Human Rights Watch (HRW) [advocacy website] Tuesday criticized [press release] a report released by the Sri Lankan government for not taking responsibility for alleged violations of the laws of war. The Sri Lankan Ministry of Defense [official website] released its report Monday entitled, "Humanitarian Operation Factual Analysis" [text, PDF], where for the first time it admitted that the military caused civilian deaths near the end of its 26-year civil war with the Liberation Tigers of Tamil Eelam (LTTE) [JURIST news archive]. The report details numerous alleged abuses of LTTE against civilians including using them as human shields. Sri Lanka says it took reasonable steps to protect avoid civilian casualties. Secretary of Defence Gotabaya Rajapaksa [official profile], in releasing the report said [press release]: "The false claims and allegations made by Tamil Diaspora together with the LTTE international network will be laid to rest with the release of the factual analysis reports." The report says:
The Government of Sri Lanka made every effort to protect civilians in the conflict zone through the creation of Safe Corridors and No Fire Zones, and by adhering to a "Zero Civilian casualty" policy that had been conveyed to all troops through repeated training and operation orders. Sri Lanka also took a proactive and extensive role in delivering humanitarian assistance to these civilians before, during and after the fighting. Despite the clear intent of the Government of Sri Lanka and the precautions taken, it was impossible in a battle of this magnitude, against a ruthless opponent actively endangering civilians, for civilian casualties to be avoided.Still, HRW criticized the report for its lack of discussion over the military's responsibility for alleged war crimes such as "frequent indiscriminate shelling of civilian areas" and summary executions of LTTE fighters. Brad Adams, Asia director at HRW, said: "The Sri Lankan government is finally admitting that its forces caused civilians losses during the conflict's final months, but unconvincingly claims no responsibility. This is just the latest and glossiest effort to whitewash mounting evidence of government atrocities during the fighting."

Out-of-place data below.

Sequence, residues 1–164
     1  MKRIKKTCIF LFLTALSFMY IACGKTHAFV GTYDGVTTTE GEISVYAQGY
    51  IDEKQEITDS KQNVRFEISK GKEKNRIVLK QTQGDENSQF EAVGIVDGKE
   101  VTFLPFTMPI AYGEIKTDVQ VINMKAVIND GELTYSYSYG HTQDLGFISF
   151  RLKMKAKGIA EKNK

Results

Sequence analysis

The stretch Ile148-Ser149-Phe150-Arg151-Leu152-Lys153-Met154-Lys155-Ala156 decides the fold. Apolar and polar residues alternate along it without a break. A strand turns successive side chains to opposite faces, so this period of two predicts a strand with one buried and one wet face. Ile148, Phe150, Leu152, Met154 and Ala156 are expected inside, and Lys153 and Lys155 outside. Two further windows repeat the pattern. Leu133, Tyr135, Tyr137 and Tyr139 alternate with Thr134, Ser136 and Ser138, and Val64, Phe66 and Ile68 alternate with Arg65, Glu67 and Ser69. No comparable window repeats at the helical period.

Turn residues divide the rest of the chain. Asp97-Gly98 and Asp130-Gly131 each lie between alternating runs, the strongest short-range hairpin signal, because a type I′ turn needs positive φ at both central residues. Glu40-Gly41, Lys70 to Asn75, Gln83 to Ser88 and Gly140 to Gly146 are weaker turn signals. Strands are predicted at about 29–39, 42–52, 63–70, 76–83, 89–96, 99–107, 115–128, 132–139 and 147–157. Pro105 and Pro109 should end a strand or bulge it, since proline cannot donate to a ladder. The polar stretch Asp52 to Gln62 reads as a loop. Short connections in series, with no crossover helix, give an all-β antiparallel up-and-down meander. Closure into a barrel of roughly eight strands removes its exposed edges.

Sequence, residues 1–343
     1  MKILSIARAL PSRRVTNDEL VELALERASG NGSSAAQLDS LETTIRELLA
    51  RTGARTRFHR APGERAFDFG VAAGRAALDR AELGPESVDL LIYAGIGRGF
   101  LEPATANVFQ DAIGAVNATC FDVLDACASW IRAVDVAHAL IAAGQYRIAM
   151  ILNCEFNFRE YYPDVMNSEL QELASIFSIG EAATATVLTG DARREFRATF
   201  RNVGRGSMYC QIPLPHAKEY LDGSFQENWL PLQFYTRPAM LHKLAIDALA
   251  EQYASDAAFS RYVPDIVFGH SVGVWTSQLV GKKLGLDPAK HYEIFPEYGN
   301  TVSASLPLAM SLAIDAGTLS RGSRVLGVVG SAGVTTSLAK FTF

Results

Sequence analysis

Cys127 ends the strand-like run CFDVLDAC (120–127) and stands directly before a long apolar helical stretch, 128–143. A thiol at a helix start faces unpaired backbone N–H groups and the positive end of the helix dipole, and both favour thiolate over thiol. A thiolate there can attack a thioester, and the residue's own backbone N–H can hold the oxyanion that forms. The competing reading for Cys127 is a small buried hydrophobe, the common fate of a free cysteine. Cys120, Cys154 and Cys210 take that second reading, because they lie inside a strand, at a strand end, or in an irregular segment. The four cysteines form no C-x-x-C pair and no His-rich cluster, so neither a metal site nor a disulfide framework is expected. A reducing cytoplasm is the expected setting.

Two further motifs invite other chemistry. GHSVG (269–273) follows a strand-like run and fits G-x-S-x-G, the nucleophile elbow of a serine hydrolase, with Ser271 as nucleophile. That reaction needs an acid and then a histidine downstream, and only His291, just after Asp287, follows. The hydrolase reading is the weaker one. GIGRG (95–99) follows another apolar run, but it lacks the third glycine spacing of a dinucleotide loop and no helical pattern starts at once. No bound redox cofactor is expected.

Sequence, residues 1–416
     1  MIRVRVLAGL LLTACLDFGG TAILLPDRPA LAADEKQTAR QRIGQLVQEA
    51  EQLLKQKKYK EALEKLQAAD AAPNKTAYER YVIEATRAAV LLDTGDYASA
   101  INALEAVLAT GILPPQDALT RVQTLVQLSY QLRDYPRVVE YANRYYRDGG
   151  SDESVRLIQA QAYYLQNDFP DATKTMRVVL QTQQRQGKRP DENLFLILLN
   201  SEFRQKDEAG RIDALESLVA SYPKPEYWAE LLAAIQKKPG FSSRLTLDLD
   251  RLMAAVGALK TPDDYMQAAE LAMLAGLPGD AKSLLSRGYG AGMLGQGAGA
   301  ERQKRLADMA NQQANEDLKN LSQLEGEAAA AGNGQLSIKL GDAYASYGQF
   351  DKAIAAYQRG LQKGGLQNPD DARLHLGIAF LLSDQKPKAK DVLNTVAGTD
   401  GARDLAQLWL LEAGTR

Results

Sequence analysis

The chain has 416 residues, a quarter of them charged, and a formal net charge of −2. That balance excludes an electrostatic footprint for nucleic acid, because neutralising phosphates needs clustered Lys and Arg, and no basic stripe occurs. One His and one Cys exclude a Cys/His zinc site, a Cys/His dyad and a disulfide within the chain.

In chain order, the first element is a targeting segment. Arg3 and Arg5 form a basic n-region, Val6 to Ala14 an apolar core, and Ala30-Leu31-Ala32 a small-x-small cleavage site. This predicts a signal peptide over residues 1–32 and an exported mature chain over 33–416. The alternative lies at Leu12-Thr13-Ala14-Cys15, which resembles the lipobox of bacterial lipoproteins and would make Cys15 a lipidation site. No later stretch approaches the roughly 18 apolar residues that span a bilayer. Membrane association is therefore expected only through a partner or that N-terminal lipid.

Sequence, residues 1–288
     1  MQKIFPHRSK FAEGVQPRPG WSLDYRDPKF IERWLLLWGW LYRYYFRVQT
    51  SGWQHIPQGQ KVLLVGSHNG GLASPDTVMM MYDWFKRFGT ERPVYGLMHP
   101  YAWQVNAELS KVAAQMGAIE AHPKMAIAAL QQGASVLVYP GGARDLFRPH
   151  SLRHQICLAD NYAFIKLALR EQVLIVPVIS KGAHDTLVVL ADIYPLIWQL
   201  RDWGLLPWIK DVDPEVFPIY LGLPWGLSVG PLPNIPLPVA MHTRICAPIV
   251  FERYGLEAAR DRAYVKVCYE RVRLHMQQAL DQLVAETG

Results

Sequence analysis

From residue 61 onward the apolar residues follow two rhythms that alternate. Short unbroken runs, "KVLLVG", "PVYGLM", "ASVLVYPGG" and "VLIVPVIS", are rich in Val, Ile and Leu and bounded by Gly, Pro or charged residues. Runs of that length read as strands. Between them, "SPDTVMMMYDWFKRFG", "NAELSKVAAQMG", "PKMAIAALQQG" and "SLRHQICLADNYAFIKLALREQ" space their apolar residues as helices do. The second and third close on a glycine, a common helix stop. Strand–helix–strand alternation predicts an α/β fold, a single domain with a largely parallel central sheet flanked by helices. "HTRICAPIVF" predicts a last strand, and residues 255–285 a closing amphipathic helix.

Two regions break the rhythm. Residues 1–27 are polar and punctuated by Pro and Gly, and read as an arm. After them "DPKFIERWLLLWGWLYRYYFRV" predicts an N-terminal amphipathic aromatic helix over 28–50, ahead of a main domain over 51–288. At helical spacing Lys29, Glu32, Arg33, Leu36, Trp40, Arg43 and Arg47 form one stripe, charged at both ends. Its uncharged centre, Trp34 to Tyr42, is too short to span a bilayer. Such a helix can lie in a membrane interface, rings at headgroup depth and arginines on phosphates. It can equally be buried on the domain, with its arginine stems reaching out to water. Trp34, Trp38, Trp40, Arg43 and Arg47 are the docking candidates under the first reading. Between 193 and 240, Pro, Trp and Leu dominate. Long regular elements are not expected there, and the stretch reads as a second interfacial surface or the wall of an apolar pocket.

There is a growing number of claims that Sri Lanka was responsible for war crimes during the war with the LTTE. In May, UN Special Rapporteur on extrajudicial killings Christof Heyns [official website] urged [JURIST report] the UN Human Rights Council [official website] to conduct further investigations into possible Sri Lankan war crimes after reconfirming the legitimacy of a video of LTTE members being executed by members of the Sri Lankan military. Heyns' conclusions were based on analysis by technical and forensic experts, including pathologists, video analysts and a firearms expert, and echo findings [JURIST report] that led his predecessor last year to call for an independent investigation into Sri Lankan war crimes. In April, a UN panel of experts said in a report that parties on both sides may have committed war crimes [JURIST report] during the final stages of the 26-year civil war. The Sri Lankan Ministry of External Affairs [official website] announced in December that the three-person panel would be allowed to visit [JURIST report] the island to investigate alleged war crimes. The decision represented a reversal after months of strong opposition [JURIST report] from the Sri Lankan government under President Mahinda Rajapaksa [official profile], who described the UN panel as an infringement on Sri Lanka's sovereignty.